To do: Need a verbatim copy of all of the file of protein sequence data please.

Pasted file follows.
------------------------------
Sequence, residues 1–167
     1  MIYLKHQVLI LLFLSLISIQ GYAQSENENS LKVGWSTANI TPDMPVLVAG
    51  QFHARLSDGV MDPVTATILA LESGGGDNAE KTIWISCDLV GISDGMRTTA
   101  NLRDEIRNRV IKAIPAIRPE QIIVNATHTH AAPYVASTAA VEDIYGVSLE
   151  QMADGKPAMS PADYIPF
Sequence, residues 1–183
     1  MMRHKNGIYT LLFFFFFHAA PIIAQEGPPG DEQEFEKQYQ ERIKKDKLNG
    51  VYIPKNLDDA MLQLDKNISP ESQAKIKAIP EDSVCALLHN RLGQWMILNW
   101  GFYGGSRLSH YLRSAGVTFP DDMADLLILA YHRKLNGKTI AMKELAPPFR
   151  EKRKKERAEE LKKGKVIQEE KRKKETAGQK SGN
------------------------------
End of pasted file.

Sequence, residues 1–167
     1  MIYLKHQVLI LLFLSLISIQ GYAQSENENS LKVGWSTANI TPDMPVLVAG
    51  QFHARLSDGV MDPVTATILA LESGGGDNAE KTIWISCDLV GISDGMRTTA
   101  NLRDEIRNRV IKAIPAIRPE QIIVNATHTH AAPYVASTAA VEDIYGVSLE
   151  QMADGKPAMS PADYIPF
Sequence, residues 1–183
     1  MMRHKNGIYT LLFFFFFHAA PIIAQEGPPG DEQEFEKQYQ ERIKKDKLNG
    51  VYIPKNLDDA MLQLDKNISP ESQAKIKAIP EDSVCALLHN RLGQWMILNW
   101  GFYGGSRLSH YLRSAGVTFP DDMADLLILA YHRKLNGKTI AMKELAPPFR
   151  EKRKKERAEE LKKGKVIQEE KRKKETAGQK SGN